American Innovation and Choice Online Act
- Served as general counsel of the National Security Agency during both the Obama and Trump administrations (2015 to 2020).
- Explains cybersecurity risks America faces and what we can do about them, and what privacy will mean in the digital age
- Recognized as a thought leader on the intersection of technology and national security, as a frequent contributor to CNN, MSNBC, Barron's, The New York Times, The New Yorker, The Washington Post, and Newsweek
- Recipient of the National Intelligence Distinguished Service Medal, the Secretary of Defense Medal for Exceptional Civilian Service, and the NSA Distinguished Civilian Service Medal
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Glenn S. Gerstell is a sought-after speaker, advisor and thought leader on the role of technology in national security, cybersecurity, privacy, and geo-political affairs. He served as the General Counsel of the National Security Agency and Central Security Service from 2015 to 2020, spanning both the Obama and Trump administrations.
In his role at NSA, Gerstell participated in the development of national cybersecurity policy and helped address the entire range of national security threats facing our country from counterterrorism to disinformation from foreign adversaries. Gerstell testified and participated in Congressional hearings and engaged directly with Cabinet members and other senior leaders in the Intelligence Community, the Departments of Defense, State, Homeland Security, and other departments in the Executive Branch. He is a recipient of the National Intelligence Distinguished Service Medal, the Secretary of Defense Medal for Exceptional Civilian Service, and the NSA Distinguished Civilian Service Medal.
Gerstell is currently a non-resident Senior Adviser at the Center for Strategic & International Studies, as well as a consultant and corporate board member in a variety of industries. Gerstell also serves as a member of the National Academies of Sciences Future of Encryption Committee and the Experts board for The Cipher Brief.
Gerstell previously served on the President’s National Infrastructure Advisory Council, which reports to the president and the secretary of homeland security on security threats to the nation’s infrastructure, as well as on the District of Columbia Homeland Security Commission.
Prior to the NSA, Gerstell practiced law at Milbank LLP, where he focused on the global telecommunications industry, international business strategy and political-risk analysis, and served as the managing partner of the firm’s Washington D.C., Singapore, and Hong Kong offices (residing in Asia for eight years). He is an honors graduate of Columbia University School of Law.
The Challenges of the Digital Revolution for Our Way of Life
We tend to think too conventionally and have difficulty imagining something completely new. But that is precisely what we must do in order to cope with extraordinary change that is about to sweep over us. The advent of the internet of things, 5G telephony, artificial intelligence, cloud computing and other products of the digital revolution will present major benefits for society but also extraordinary challenges that we have not addressed. It will change the way we think about business, the role of government, and personal interactions. Yet we will almost surely underestimate the implications of technology.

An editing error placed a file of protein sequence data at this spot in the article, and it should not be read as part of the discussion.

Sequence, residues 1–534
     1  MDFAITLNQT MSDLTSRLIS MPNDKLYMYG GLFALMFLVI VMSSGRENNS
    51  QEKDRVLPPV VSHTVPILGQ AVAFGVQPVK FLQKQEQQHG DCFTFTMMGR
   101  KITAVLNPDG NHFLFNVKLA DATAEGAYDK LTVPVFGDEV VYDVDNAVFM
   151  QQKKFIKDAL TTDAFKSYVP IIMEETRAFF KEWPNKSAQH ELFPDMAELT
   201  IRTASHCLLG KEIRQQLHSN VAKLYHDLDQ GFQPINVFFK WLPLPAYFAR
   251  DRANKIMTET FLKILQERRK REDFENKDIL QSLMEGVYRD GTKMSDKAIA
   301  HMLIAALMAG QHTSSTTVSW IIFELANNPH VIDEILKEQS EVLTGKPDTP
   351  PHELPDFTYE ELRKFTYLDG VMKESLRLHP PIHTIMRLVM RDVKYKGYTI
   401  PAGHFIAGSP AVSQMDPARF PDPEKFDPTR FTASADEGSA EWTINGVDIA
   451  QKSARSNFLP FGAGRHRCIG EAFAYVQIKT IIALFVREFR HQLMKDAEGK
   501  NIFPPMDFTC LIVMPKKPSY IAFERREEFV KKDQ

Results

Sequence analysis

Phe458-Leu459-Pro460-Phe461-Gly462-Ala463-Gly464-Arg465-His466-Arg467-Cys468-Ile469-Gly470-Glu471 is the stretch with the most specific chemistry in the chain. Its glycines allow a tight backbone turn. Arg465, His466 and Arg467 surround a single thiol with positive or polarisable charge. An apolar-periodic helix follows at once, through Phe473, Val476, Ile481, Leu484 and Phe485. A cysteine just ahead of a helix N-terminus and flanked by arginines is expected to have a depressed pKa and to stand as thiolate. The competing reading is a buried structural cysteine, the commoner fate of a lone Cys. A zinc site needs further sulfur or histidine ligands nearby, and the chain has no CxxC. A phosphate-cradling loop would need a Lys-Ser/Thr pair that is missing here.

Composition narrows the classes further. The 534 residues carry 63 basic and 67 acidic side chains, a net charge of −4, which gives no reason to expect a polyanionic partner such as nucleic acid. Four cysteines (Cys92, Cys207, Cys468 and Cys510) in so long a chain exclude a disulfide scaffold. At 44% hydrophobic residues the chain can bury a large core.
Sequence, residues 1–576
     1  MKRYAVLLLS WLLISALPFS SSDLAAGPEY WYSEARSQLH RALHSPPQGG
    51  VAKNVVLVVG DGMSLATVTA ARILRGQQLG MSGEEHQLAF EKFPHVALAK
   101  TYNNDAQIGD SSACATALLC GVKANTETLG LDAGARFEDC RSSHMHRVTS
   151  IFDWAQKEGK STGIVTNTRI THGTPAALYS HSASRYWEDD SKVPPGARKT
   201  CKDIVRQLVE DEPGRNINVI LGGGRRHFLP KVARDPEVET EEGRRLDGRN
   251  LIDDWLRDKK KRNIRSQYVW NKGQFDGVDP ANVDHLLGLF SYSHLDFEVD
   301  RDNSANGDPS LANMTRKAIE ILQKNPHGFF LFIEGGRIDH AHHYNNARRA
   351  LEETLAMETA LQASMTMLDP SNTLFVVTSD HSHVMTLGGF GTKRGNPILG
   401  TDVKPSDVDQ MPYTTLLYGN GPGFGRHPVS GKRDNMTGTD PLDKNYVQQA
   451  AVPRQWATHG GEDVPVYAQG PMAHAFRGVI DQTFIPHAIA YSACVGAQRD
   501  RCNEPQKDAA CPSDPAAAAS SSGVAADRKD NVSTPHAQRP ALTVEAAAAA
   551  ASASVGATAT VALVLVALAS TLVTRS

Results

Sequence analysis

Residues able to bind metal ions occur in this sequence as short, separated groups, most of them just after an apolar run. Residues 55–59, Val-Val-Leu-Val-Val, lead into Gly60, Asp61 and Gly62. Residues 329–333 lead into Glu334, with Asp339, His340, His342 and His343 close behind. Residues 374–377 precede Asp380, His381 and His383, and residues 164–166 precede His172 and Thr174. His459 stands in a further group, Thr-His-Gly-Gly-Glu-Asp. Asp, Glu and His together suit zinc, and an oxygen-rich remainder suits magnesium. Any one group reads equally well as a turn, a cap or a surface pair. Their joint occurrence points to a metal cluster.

Coping with a Rising China that Wants to Displace America
For the first time since the United States became a global power, we must confront another country that represents not merely a political or military threat, but also an existential economic one. China is an adversary and partner rolled into one, and there is no better example of how global technological development and trade produce complicated interdependencies. China’s Belt and Road Initiative — their worldwide development plan integrating infrastructure, markets and political systems — aims at nothing less than using their technical and financial prowess to replace the United States as the global power.
National Security Challenges facing America across the Globe
The next war could be won without a shot being fired but by an adversary’s turning off our stock exchange, our electric grid, or our civilian air traffic control system. Prior challenges such the specter of atomic bombs in the Cold War or terrorist acts following 9/11 inspired greater fear, but in some ways those threats were more manageable than the complex challenges we now face. Dealing with China, Russia, Iran and North Korea are themselves daunting challenges. We also face the continuing threat of terrorism and new threats from cyberattacks and biological and chemical warfare.
Is the Fourth Amendment Ready for the Digital Revolution…and What does Privacy Really Mean Today Anyway?
As more and more of our lives become digital, and we share more of our personal experiences online, what does privacy really mean anymore? The 4th Amendment, which limits unreasonable searches and seizures, didn’t even apply to tapping telephones, telegraphs and radio signals until 1967. But since then, our courts have struggled to keep up with the digital revolution and Congress has tried to balance privacy and civil liberties with national security needs. At the NSA, we daily coped with the competing challenges of keeping our nation safe while adhering to the Constitution.
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